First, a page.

Toronto film fest returning to more theatres; Alanis Morissette doc, ‘Dune’ in lineup
TORONTO - An Alanis Morissette documentary and a special IMAX event for Denis Villeneuve’s “Dune”are heading to theToronto International Film Festival, billed as more of a “big theatrical experience” than last year’s pandemic-tailoredshowcase.
The 46th edition runs Sept. 9 to 18 with more than 100 films screening digitally and in-person at TIFF Bell Lightbox, Roy Thomson Hall, the Princess of Wales Theatre and the Cinesphere Theatre at Ontario Place.
Outdoor screenings will also run at three downtown drive-in and open air venues.
For the first time, TIFF’s Film Circuit outreach program will host indoorfestival screenings for one night at venues across the country, with details yet to be announced.
Organizers say Ontario and Canada’s accelerating COVID-19 vaccinations should permit more in-person events and a bigger lineup than last year, when a hybrid model offered just 60 features.
“For us there are two big themes this festival: one is just how excited we are about bringing people back to the cinemas, and afterwards we’ll be reopening the TIFF Bell Lightbox,” TIFF co-head and executive director Joana Vicente said in an interview.
“The other is really leading the conversation around the necessity of representation. Diversity, equity and inclusion will be part of (the whole festival), whether it’s our industry activities, our talks, and also be reflected in the selection as well.”
U.S. filmmaker Alison Klayman directs HBO’s Morissette documentary “Jagged,” which details the Ottawa-raised singer-songwriter’s rise from teenage pop star to international rock chart-topper.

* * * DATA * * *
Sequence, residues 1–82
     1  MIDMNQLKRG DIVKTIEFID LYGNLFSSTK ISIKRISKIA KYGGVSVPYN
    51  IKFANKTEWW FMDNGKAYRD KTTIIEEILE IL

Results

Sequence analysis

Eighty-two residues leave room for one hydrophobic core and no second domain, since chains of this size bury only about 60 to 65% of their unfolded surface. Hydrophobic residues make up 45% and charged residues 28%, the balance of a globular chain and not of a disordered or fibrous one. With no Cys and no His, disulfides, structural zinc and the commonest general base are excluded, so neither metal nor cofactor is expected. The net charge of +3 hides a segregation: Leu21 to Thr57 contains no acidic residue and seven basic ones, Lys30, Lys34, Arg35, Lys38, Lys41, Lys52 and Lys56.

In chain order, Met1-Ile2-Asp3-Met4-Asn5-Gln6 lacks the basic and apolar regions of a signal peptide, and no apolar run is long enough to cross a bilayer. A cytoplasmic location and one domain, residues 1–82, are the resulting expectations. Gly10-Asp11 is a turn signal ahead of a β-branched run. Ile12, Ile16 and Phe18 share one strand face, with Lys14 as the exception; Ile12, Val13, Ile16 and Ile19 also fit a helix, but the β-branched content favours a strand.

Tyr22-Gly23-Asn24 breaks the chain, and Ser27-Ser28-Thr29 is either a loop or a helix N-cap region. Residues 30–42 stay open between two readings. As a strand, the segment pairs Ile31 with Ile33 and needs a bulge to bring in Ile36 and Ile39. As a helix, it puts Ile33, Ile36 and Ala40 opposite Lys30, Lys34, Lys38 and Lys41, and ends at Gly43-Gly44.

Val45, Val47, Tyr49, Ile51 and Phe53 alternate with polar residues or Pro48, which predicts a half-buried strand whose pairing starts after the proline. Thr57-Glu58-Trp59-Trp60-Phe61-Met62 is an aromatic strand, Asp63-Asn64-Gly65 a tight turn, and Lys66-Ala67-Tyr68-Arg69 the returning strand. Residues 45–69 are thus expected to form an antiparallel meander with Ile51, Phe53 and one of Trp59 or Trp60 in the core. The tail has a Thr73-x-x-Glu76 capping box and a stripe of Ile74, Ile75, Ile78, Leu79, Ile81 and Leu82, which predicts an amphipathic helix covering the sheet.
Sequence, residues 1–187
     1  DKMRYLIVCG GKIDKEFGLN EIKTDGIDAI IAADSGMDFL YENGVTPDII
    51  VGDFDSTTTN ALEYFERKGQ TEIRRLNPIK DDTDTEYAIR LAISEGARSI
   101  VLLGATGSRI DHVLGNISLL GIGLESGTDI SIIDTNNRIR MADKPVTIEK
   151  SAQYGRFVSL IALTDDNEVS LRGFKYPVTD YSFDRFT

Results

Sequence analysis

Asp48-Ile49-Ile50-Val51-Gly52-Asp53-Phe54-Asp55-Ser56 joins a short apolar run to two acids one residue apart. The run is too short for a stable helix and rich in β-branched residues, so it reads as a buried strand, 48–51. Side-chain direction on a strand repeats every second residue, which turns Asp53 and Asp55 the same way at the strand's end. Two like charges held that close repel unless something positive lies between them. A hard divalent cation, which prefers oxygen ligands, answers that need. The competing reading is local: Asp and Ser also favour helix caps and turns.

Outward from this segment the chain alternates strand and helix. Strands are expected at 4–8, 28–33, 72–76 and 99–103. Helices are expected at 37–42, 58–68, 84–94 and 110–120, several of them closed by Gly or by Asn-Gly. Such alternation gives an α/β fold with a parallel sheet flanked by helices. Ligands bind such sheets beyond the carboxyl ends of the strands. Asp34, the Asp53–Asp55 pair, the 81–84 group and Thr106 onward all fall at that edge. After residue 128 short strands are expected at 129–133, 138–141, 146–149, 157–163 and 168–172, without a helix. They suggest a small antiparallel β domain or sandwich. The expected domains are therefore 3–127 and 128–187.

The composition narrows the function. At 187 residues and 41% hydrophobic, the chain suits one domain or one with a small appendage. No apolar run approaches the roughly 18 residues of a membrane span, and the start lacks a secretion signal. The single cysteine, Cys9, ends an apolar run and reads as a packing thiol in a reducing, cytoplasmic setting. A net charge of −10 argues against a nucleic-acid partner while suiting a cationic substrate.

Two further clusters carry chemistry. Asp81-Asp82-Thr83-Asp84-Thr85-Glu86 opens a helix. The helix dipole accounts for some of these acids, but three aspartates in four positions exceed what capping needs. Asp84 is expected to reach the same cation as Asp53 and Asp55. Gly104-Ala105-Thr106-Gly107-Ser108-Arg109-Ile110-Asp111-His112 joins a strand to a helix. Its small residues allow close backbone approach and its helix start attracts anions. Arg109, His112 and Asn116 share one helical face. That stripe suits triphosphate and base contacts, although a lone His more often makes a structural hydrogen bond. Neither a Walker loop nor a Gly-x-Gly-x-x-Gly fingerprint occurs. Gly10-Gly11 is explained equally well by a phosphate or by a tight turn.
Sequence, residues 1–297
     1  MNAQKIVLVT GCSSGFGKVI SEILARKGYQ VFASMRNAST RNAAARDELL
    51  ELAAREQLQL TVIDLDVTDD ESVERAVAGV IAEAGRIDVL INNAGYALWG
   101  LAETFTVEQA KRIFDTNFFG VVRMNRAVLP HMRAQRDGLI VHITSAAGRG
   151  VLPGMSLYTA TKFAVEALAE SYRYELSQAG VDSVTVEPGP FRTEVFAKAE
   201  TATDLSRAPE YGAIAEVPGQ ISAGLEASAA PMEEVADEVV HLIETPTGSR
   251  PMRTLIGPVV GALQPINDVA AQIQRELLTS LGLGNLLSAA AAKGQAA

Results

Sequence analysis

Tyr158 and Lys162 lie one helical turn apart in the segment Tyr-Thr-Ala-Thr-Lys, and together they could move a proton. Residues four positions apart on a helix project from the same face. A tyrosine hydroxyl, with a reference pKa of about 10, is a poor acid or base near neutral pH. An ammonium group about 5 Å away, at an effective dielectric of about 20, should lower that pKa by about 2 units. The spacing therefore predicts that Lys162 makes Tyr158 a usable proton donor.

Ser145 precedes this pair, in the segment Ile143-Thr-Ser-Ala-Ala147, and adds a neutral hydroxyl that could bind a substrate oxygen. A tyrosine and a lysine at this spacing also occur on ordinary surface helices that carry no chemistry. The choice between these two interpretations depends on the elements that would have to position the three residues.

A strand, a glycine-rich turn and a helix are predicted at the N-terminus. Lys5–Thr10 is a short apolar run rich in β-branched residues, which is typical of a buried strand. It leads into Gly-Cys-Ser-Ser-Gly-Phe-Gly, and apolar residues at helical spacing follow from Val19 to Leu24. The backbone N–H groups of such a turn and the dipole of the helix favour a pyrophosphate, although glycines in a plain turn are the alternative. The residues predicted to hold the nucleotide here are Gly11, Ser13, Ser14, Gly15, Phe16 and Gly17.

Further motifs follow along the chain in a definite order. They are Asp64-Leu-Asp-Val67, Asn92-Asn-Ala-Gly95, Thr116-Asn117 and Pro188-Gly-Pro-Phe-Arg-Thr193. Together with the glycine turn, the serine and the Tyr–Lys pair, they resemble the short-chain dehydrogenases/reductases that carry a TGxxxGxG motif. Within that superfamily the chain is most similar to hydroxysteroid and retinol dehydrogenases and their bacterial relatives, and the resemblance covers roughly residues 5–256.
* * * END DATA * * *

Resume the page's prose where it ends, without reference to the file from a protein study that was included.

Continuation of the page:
The festival will also screen the highly anticipated sci-fi epic “Dune,” co-written and directed by Quebec’s Villeneuve, as a world exclusive IMAX special event at the Cinesphere Theatre at Ontario Place. TIFF will also screen “Dune” at theatres in Toronto and Montreal.
The big-screen adaptation of Frank Herbert’s 1965 novel heads toTIFF after a world premiere Sept. 3 at the Venice Film Festival, where organizers plan a completely in-person festival.
“This film is meant to be seen on the largest screen possible, so I’m deeply happy that TIFF will get to enjoy this ultimate viewing experience first,” Villeneuve said in a video posted on TIFF’s Twitter account Wednesday.
Other TIFF films include: the documentary “Dionne Warwick: Don’t Make Me Over” by Dave Wooley and David Heilbroner; the family drama “Belfast,” directed by Kenneth Branagh and starring Judi Dench; the star-packed thriller “Last Night in Soho,” directed by Edgar Wright and starring Anya Taylor-Joy; and Phillip Noyce’s Canadian-shot “Lakewood” starring Naomi Watts.
Canadian co-productions include: Saskatchewan-born Cree/Metis filmmaker Danis Goulet’s Indigenous sci-fi thriller “Night Raiders,” which premiered at the Berlin International Film Festival in March; and the animated “Charlotte,” directed by Eric Warin and Tahir Rana and set during the Nazi occupation of France.
After not submitting any films to last year’s festival, Netflix returns with Theodore Melfi’s dramedy “The Starling” starring Melissa McCarthy, and Antoine Fuqua’s crime thriller “The Guilty” starring Jake Gyllenhaal, Ethan Hawke, Peter Sarsgaard and Riley Keough.